A Woman Uses Art To Come To Terms With Her Father’s Death

I started making a large cardboard boat not long after mum was diagnosed with dementia. I had a dream I was standing on the shore watching her drift away in a boat which was the catalyst. I haven’t finished the work yet don’t quite know how. But that’s ok it did the job for me…Indie

Dying & Death Talk

Courtesy of NPR.org | By Meredith Rizzo|Originally Posted 05.04.2015 | Published 10.02.2017

A month after her father died of sepsis, Jennifer Rodgers began creating maps.

She took a large piece of paper, splattered it with black paint and then tore it into pieces. Then she began to draw: short black lines mimic the steps she walked in the hospital hallway during her father’s hospitalization.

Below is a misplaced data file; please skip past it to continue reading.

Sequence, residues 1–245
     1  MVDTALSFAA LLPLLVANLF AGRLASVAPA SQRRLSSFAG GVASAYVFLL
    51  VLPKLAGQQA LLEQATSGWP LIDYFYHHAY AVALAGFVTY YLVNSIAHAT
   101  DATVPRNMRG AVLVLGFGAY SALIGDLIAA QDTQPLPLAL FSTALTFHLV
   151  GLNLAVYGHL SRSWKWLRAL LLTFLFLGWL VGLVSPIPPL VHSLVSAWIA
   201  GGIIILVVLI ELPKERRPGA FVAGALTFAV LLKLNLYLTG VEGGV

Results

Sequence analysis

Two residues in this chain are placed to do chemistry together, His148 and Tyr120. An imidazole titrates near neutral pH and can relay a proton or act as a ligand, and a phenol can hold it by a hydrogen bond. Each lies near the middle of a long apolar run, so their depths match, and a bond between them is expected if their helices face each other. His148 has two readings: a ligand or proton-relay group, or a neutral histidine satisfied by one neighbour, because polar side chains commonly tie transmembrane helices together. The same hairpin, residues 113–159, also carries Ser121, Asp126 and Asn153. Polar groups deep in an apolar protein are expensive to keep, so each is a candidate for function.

“It was a physical release of emotion for me,” she says.

The layered pieces document her father’s seven-month fight with sepsis, a life-threatening condition when the body’s response to infection causes inflammation that can destroy organs. They also represent her feelings of uncertainty and grief.

We talked with Rodgers, a high school art teacher in Philadelphia, about how she created the artworks. The conversation has been edited for length and clarity.

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